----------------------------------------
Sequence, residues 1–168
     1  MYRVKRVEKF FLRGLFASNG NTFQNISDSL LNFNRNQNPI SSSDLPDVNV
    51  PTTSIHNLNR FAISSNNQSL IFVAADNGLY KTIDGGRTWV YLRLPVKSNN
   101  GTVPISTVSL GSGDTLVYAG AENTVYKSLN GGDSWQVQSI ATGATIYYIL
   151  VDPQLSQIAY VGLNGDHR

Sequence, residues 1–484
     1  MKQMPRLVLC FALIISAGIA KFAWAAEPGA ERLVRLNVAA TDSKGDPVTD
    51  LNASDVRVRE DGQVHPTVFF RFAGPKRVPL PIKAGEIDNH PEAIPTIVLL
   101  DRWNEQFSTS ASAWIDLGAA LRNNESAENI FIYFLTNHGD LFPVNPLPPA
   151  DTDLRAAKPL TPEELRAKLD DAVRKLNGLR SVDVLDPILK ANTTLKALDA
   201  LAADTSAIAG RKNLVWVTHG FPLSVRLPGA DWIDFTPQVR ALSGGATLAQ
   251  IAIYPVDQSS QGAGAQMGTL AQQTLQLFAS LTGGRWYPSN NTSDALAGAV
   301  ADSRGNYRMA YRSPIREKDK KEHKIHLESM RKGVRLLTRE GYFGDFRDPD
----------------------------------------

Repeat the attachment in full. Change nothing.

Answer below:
Sequence, residues 1–168
     1  MYRVKRVEKF FLRGLFASNG NTFQNISDSL LNFNRNQNPI SSSDLPDVNV
    51  PTTSIHNLNR FAISSNNQSL IFVAADNGLY KTIDGGRTWV YLRLPVKSNN
   101  GTVPISTVSL GSGDTLVYAG AENTVYKSLN GGDSWQVQSI ATGATIYYIL
   151  VDPQLSQIAY VGLNGDHR

Sequence, residues 1–484
     1  MKQMPRLVLC FALIISAGIA KFAWAAEPGA ERLVRLNVAA TDSKGDPVTD
    51  LNASDVRVRE DGQVHPTVFF RFAGPKRVPL PIKAGEIDNH PEAIPTIVLL
   101  DRWNEQFSTS ASAWIDLGAA LRNNESAENI FIYFLTNHGD LFPVNPLPPA
   151  DTDLRAAKPL TPEELRAKLD DAVRKLNGLR SVDVLDPILK ANTTLKALDA
   201  LAADTSAIAG RKNLVWVTHG FPLSVRLPGA DWIDFTPQVR ALSGGATLAQ
   251  IAIYPVDQSS QGAGAQMGTL AQQTLQLFAS LTGGRWYPSN NTSDALAGAV
   301  ADSRGNYRMA YRSPIREKDK KEHKIHLESM RKGVRLLTRE GYFGDFRDPD